How did you get into this field?

Jeff: I started sanding floors at a local company to kill time after I got out of the Navy, before I planned to go to college with my GI Bill in the fall. I found a passion in wood flooring. I also met my partner Bill at that same company. Needless to say, I never made it to college, and Bill and I teamed up and went out on our own in 2011 and we’ve been growing and expanding for the last 9+ years!

Bill: I applied for a job when I was 19 with Schumacher, he called me back a year later and what started as a job turned into my career. That is where I met my business partner Jeff Rose and the story is history.

How does your firm work with architects?

Our main clientele are Architects and Interior Designers. We want to be a trusted resource for the Architectural community, that means making sure our Architect partners have the proper applications and processes in place to make sure that their clients get a superior and functional product. We also serve the Architectural community by providing CEU trainings, all of which count as HSW credits for AIA members.

Who or what inspires you?

Jeff: Creativity is what inspires me. To take a client’s vision and bring it to life is what I’m passionate about.

Bill: My family. I work hard so I can provide the best life for them.

What is your favorite building and why?

Jeff: Le Château Frontenac in Québec, Canada, built in 1893. A little note about this historic building, in 1943 it was the site of secret meetings between Winston Churchill, and Franklin D. Roosevelt to devise invasion plans to end WWII. I love it for its breathtaking architectural design and the attention to detail, including all of the rift and quartered oak in the lobby which is stunning.

Bill: Union Terminal, because of its unique design and historical importance in the tri-state area.

When you’re not working, what do you love to do?

Jeff: I like to golf, work in my garden, and listen to live music.

Bill: When I’m not working, I love going camping, hiking, fishing, being out in nature, and enjoying good food and drinks with my lovely wife and family.

Mansion Hill Custom Floors is a longtime supporter of AIA Cincinnati, especially our CRAN community, and was one of our first Title Sponsors. Learn more at mansionhillcustomfloors.com.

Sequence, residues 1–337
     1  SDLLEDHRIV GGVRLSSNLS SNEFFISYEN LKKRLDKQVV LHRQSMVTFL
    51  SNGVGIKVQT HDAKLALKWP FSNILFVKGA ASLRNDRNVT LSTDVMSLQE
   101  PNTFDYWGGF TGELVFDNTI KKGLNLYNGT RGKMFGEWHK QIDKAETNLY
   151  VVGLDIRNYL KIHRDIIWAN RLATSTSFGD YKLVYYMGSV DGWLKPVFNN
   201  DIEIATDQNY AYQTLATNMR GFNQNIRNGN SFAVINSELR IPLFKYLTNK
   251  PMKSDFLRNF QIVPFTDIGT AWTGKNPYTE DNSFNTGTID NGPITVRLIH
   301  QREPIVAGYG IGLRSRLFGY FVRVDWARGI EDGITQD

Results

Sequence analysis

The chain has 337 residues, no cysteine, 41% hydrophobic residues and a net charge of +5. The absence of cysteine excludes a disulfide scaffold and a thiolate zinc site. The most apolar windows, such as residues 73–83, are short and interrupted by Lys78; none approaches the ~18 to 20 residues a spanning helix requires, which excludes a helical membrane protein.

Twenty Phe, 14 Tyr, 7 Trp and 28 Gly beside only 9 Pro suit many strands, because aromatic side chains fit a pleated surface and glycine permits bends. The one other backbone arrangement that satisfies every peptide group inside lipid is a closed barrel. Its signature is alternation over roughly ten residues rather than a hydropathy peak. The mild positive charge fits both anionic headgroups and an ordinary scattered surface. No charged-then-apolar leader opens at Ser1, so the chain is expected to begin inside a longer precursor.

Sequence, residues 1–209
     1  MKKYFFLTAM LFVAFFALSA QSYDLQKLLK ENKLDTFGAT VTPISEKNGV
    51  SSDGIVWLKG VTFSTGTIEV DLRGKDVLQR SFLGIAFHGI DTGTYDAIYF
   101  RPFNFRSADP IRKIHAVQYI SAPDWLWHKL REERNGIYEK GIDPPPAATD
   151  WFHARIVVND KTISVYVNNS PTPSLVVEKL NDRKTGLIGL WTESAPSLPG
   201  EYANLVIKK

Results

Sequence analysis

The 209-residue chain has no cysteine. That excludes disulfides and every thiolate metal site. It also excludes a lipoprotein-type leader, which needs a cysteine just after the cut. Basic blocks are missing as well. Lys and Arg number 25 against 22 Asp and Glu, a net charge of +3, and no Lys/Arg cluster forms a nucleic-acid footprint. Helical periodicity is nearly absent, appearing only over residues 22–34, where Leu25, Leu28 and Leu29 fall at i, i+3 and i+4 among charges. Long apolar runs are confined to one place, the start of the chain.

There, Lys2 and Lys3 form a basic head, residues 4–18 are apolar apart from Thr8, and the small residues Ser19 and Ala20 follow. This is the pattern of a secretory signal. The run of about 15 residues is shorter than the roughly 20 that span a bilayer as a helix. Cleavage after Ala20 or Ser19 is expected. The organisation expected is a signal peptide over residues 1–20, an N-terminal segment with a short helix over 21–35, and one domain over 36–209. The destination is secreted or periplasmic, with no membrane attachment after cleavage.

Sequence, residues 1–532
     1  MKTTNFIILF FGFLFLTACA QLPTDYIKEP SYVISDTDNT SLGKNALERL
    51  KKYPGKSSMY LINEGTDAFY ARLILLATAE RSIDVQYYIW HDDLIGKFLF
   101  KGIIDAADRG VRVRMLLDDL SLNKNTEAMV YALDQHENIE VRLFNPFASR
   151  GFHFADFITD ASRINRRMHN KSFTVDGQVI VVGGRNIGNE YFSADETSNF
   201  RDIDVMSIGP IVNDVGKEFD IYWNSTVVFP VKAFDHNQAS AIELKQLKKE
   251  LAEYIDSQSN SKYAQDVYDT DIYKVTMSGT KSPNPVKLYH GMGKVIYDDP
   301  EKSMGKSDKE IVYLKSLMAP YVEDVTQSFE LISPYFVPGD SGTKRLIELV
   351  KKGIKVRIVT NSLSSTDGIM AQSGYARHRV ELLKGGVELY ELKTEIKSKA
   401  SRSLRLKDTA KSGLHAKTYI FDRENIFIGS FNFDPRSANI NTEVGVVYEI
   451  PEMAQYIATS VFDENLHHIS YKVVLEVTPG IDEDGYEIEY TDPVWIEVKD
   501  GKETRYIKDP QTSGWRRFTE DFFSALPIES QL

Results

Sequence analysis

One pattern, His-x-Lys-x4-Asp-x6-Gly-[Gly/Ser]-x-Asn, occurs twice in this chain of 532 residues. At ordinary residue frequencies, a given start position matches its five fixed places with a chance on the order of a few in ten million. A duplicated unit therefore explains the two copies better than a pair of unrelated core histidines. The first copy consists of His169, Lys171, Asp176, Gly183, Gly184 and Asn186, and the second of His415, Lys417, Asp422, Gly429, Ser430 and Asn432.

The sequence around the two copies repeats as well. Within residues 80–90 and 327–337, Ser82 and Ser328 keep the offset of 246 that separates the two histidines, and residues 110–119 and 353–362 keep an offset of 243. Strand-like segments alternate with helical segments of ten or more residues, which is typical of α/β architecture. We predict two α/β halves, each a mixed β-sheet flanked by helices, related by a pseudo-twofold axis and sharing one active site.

Art Dierks, Chief Operating Officer, The V Collective

What does your firm do?

The V Collective is the parent company to Innerwood, Don Justice Cabinet Makers, and HBI.  We were started by Dan Hueber over 40 years ago as Hueber Brothers Inc., focusing on trim carpentry. After a few years and requests for fine cabinetry, Innerwood was formed to focus on building custom cabinetry. Over the years, as the business grew and a number of acquisitions took place, the companies came together under one name, The V Collective.

Today we work with architects, builders, and homeowners, specializing in the build and installation of fine cabinetry and architectural millwork. 

How did you get into this field?

Prior to joining The V Collective, I spent 14 years as SVP of Operations with TimberTech, a composite decking company. There I was fortunate to be part of a management team that grew the business from just an idea, to over 400 employees, ultimately selling the company. I was looking for an opportunity to run a smaller company with an exceptional product and growth potential, when I ran into Dan and Janine Hueber through a mutual friend. I have been running the company for over five years now and really enjoy the continuous learning experience.

How does your firm work with architects?

We are extremely fortunate to have relationships with a number of architects and are frequently introduced to projects by them. Depending on the nature of a project, our team can collaborate on design, or just manage the build and installation of cabinetry that was already designed and specified. During the process, we work closely with the architect through an exchange of shop drawings. This process ensures our shop is aligned with details specified by the architect, so that homeowners receive their cabinetry as they envisioned. 

Who or what inspires you? 

People…I find great pleasure helping people to develop, cultivating a team, and creating opportunities for employees to succeed. 

When you’re not working, what do you love to do?

My wife Amy and I love boating and travel.  We have two grown children and many friends that live out of town, so we take as many trips as we can.  When possible, we combine travel and boating which we were able to do last year visiting Lake Michigan, Lake Norman, the Jersey Shore and the Hilton Head.